It will be a battle to defend the sovereignty and the independence of Syria against Israel.


MICHEL AOUN, Free Patriotic Movement Leader
«The formation of the cabinet will diffuse much of the hatred and popular tension, which will decrease the severity of local disputes. The terrorism prevailing in Syria could spill over into Lebanon; Al-Qaeda is still active in Arsal, and it is passing through areas where Hezbollah is present. The Arab and foreign countries’ interests in igniting tension in the region are many. They want to establish peace with Israel, take over Lebanon and Syria’s offshore petrol and gas and gain control over political and strategic areas.»

ALI FAYYAD, Hezbollah MP
«Formation of the cabinet is an important, essential and fundamental step in the context of meeting challenges. We must work to make the role of this government successful so that it will be effective and achieve what is required of it. The takfiri’s nonchalance at bringing injury to the Islamic Orphanage and killing civilians from all sects in the latest explosion in Bir Hassan, then targeting the army checkpoint in Hermel and setting conditions for halting terror operations connected to releasing terrorists from prison show that the problem of takfiri terrorism is not restricted to Hezbollah; rather, [it affects] the state and the people too

SAAD HARIRI, Future Movement leader
«We in the Future Movement will do all we can to prevent vacuum from affecting the presidency and this is a national duty for all political parties in Lebanon. It seems that you know more than we do. In fact serious dialogue took place with the FPM and it successfully led to the formation of the new government. At one point there will be a March 14 presidential candidate, and after that we will see how things go

WIAM WAHHAB, Arab Tawhid Party leader
«Here in the Sham region Assad and Nasrallah make the decisions. Here only honorable people make decisions not traitors. Those who want to share power in Syria should be living in their country and not in foreign hotels


• A suicide bomber blew himself up at a Lebanese Armed Forces checkpoint at the entrance of Beqaa’s Hermel on Saturday evening, killing three people, including two soldiers, and injuring more than ten others. “The blast was caused by an explosives-rigged four-wheel-drive vehicle… driven by a suicide bomber who detonated himself when he was stopped by [army] soldiers at the checkpoint,” according to a statement by the army. It added that the LAF “will not cease to fight anyone who attempts to harm the army and Lebanon, and will dismantle terrorist networks and pursue whomever is involved, no matter how great the sacrifice.” The National News Agency reported that a suicide bomber, driving a four-wheel-drive Jeep Grand Cherokee, plate number G248146, arrived at the army checkpoint from the eastern side of Hermel. When asked to turn on his lights, he detonated the car. The Al-Nusra Front in Lebanon, an offshoot of the terrorist group Al-Qaeda, claimed responsibility for this attack. This incident was denounced by the country’s Prime Minister Tammam Salam, who said that “targeting the army is targeting an essential component of the nation.” The US Embassy also issued a statement condemning the explosion: “Targeting the army is akin to targeting all Lebanese.” The bombing on Saturday night was the latest in a string of attacks targeting Hezbollah-affiliated areas. Two car bombs exploded in Bir Hassan in Beirut’s south suburbs on Wednesday, killing 11 people. Hermel itself was targeted with car bombs twice before, on January 16 and on February 1st. Both were claimed by the same terrorist organization, the Al-Nusra Front in Lebanon. Lebanese Army forces have since attempted to uncover terror networks in Lebanon, and have been able to dismantle a number of explosives-rigged cars coming from Syria.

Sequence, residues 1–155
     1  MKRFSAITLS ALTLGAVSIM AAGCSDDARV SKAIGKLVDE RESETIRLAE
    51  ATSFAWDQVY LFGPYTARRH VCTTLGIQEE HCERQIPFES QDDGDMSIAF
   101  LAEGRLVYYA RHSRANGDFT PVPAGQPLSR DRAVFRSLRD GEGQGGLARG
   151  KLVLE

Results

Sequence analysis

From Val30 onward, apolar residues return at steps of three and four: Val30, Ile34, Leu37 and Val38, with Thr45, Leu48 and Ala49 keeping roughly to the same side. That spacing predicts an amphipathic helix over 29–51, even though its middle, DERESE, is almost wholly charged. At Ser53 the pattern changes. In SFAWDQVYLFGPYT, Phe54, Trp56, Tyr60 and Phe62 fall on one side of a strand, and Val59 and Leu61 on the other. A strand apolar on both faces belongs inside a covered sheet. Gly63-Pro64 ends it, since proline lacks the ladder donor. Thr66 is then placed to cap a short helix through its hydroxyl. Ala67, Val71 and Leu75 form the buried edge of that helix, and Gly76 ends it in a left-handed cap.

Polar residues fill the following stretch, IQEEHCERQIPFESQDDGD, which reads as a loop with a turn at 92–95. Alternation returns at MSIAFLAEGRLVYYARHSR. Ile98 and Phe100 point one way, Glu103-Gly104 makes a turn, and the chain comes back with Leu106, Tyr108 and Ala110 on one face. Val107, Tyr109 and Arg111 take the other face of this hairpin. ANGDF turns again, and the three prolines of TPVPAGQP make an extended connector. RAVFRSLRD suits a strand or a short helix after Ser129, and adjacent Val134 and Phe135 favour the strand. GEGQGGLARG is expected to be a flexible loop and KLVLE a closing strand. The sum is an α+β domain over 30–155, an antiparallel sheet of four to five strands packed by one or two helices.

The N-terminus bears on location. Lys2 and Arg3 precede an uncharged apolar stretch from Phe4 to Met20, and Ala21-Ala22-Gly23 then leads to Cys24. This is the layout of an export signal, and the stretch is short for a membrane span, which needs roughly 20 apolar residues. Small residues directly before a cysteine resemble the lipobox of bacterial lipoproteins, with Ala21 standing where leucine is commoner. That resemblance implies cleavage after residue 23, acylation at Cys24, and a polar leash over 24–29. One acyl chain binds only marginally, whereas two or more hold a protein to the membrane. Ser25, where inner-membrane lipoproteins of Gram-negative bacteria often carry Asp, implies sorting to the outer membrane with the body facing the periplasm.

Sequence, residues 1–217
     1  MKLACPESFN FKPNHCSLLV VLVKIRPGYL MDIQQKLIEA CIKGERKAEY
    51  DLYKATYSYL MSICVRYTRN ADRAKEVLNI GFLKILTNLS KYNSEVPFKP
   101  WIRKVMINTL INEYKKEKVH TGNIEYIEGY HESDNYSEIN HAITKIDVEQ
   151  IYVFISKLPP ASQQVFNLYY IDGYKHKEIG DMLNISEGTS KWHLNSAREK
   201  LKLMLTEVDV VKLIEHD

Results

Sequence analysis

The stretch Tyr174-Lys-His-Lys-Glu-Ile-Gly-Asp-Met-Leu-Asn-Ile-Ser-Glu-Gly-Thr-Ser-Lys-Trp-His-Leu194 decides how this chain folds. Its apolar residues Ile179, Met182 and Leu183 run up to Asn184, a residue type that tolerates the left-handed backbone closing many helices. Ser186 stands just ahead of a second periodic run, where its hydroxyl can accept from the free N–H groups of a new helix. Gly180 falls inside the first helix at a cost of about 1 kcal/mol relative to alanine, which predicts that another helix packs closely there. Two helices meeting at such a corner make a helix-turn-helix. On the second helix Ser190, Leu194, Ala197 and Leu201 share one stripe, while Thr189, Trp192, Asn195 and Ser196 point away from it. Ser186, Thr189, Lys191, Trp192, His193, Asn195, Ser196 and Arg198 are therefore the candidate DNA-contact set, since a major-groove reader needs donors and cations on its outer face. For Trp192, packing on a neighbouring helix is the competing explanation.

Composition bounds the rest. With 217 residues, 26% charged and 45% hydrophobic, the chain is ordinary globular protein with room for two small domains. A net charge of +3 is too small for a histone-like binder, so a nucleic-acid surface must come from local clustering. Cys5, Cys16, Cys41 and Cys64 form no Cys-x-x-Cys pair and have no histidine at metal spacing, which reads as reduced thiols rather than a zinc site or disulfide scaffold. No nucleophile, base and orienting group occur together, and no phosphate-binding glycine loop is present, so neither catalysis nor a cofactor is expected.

• The Lebanese Armed Forces raided the residence of Mahmoud Khalaf in Sidon to arrest him. LAF confiscated explosives, grenades and war rifles during the raid. Khalaf, a Palestinian national, is suspected of espousing the extremist ideology of Al-Qaeda and is one of the supporters of Salafi Sheikh Ahmad al-Assir who has been on the run since his supporters clashed with the LAF in Sidon’s Abra last year. The army’s intelligence on Sunday apprehended a man suspected of being the dangerous terrorist, known as Qassem al-Atrash, in the Beqaa town of al-Qaa, the National News Agency reported. The army is currently trying to confirm the identity of the arrested man, the report added.

Press Review

(FEBRUARY 22, 2014)
It is no longer a conjecture to say that the masterminds behind the suicide attacks want the situation to escalate in Lebanon, all the way to instigating a full-blown Sunni-Shia conflict. Naim Abbas, a prominent fundamentalist figure who is currently in custody for his alleged involvement in terrorist attacks, has revealed in the course of his questioning that there are plans in place for a major attack in the Shia-majority Chiyah district of Beirut’s southern suburb, with a view to cause an armed reaction against the people of Sunni-majority Tariq al-Jdideh.
Sources close to the investigation centering on the recent terror attacks said that Abbas collapsed in breathtaking speed, to the surprise of the investigators.
Abbas had turned his phone off when he had found out that an army unit was about to raid his hideout. Theoretically, Abbas could have “disappeared” and slipped from his pursuers, but his confusion gave him up, and prompted army intelligence officers to request to see his identification documents. After a five-minute quarrel between Abbas and army intelligence officers, Abbas revealed his real identity “outright.”